Context-free, on a bare stage with a bright light shining in the audience's eyes, a young man and a young woman exchange secrets. He speaks in flamboyant metaphors. She's charmingly down-to-earth. It's clever and amusing, then takes an unexpected, grim turn; the actors (the talented Joe Stipek and Kari Warchock) have us right in the palms of their love-sweaty hands.
Cut to young Eugene at home. It turns out he's a rich boy, attended by manacled female servants. Nelson, an avuncular friend, takes him in hand, the (deliberately?) bad acting begins, and Go-Go Killers! never recovers. There's no way to sugarcoat it: this is a terrible play, and director Rachel Klein, who did better work with All Kinds of Shifty Villains (another genre piece) last year, seems to have no idea what to do with it.
In and around a post-global-warming New York, rival girl gangs compete to murder the rich men who are enslaving their sisters. One gang captures Eugene and Nelson and drags them before the Queen, played by Leasen Almquist, in her underground lair. Ms. Almquist is a pro, but utterly at sea in a role that's so nonsensical playwright Sean Gill has to have her explain it in a monologue. Along the way, the gang and their captives spend an interminable, poorly paced night quarreling, getting bitten by snakes, and alternately assaulting and making out with an offensively stereotyped fellow called The Wop who seems to have stuttered in from a completely different play. It's all very difficult to suffer through.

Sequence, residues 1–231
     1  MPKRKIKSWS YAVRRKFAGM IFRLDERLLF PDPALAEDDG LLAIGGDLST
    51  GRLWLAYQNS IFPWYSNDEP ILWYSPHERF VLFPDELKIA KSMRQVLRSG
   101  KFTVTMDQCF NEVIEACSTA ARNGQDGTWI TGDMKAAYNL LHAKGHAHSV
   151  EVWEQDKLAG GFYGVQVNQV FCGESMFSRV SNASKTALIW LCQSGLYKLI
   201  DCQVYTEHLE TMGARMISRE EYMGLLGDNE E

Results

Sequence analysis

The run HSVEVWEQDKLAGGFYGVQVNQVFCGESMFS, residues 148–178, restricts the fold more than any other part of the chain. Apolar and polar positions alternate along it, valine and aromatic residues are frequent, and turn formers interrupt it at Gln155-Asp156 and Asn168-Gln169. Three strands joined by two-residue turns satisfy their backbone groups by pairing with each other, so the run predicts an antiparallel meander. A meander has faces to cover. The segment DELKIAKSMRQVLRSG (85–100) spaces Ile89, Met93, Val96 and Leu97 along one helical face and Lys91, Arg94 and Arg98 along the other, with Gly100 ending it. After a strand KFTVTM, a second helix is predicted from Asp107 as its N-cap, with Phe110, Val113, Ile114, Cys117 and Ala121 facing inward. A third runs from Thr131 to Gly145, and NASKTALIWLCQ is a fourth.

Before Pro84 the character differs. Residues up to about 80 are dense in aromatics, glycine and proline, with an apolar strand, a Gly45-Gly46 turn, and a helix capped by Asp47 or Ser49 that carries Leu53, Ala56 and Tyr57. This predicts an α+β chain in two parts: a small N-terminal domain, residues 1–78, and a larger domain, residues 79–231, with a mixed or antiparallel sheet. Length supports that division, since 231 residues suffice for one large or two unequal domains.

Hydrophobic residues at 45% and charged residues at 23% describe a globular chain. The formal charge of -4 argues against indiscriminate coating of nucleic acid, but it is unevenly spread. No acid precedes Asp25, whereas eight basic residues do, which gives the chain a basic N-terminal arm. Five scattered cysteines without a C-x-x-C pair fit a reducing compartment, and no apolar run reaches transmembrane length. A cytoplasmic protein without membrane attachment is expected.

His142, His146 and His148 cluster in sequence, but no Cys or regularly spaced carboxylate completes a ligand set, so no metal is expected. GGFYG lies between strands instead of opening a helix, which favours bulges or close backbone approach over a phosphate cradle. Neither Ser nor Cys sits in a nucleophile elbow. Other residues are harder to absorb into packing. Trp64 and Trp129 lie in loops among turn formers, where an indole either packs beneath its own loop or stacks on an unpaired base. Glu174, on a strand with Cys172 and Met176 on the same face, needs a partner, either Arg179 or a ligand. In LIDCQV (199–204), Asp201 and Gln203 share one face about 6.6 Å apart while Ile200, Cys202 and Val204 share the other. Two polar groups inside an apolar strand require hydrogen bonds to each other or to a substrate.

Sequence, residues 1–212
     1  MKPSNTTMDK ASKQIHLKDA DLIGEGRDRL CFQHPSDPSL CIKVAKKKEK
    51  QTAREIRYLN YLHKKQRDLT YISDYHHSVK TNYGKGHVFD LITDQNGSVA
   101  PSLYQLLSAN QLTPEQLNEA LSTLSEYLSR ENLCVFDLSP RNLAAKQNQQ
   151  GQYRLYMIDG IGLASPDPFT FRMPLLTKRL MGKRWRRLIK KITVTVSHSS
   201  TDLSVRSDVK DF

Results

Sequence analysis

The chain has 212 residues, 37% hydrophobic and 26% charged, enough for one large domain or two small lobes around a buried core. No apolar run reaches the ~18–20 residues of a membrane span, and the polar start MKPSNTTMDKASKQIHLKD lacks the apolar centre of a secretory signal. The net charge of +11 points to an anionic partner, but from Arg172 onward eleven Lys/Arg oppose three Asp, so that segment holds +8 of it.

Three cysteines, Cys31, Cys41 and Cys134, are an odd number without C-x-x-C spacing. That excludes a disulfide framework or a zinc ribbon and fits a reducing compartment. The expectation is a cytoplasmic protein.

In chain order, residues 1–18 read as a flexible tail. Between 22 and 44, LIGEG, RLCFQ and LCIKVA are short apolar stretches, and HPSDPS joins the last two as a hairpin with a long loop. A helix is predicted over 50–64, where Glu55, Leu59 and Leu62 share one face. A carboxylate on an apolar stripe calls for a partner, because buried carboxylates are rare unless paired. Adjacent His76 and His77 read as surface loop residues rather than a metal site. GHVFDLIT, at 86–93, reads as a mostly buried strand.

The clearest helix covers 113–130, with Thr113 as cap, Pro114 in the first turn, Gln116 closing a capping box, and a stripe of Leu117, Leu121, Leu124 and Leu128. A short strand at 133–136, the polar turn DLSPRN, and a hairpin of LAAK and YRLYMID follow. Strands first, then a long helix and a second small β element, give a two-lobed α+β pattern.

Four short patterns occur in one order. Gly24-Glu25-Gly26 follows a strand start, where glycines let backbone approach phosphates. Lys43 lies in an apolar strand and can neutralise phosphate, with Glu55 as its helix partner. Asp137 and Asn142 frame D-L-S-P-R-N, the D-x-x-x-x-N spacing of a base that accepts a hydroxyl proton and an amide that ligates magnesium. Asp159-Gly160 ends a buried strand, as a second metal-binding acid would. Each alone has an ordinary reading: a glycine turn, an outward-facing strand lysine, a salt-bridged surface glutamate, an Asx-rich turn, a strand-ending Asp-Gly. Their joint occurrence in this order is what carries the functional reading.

Ms. Klein is obviously drawn to stage works that play with the devices and customs of genre pictures and mannered theater traditions. With All Kinds of Shifty Villains it was noir films and circus clowning. Go-Go Killers! is meant to evoke a number of B-movie genres, especially girl-gang flicks and those manic movies that featured go-go boots and hot pants — all-American MST3K fare, in other words. This sort of thing can make for spectacular theater, as Soul Samurai proved a few months back.
But in this case, evoking is as much as the play can manage. Interspersing clumsy, overlong scenes with less-than-crackerjack go-go-inspired dance numbers does not automatically create a re-imagining, an homage, or even a parody. Those good-bad movies of yore had stories one could follow, silly though they might have been. They had bad acting, too, but the New York stage creates higher expectations than did low-budget films of the 1950s and 60s. Go-Go Killers! boasts some good dancers and nifty costumes, but little else.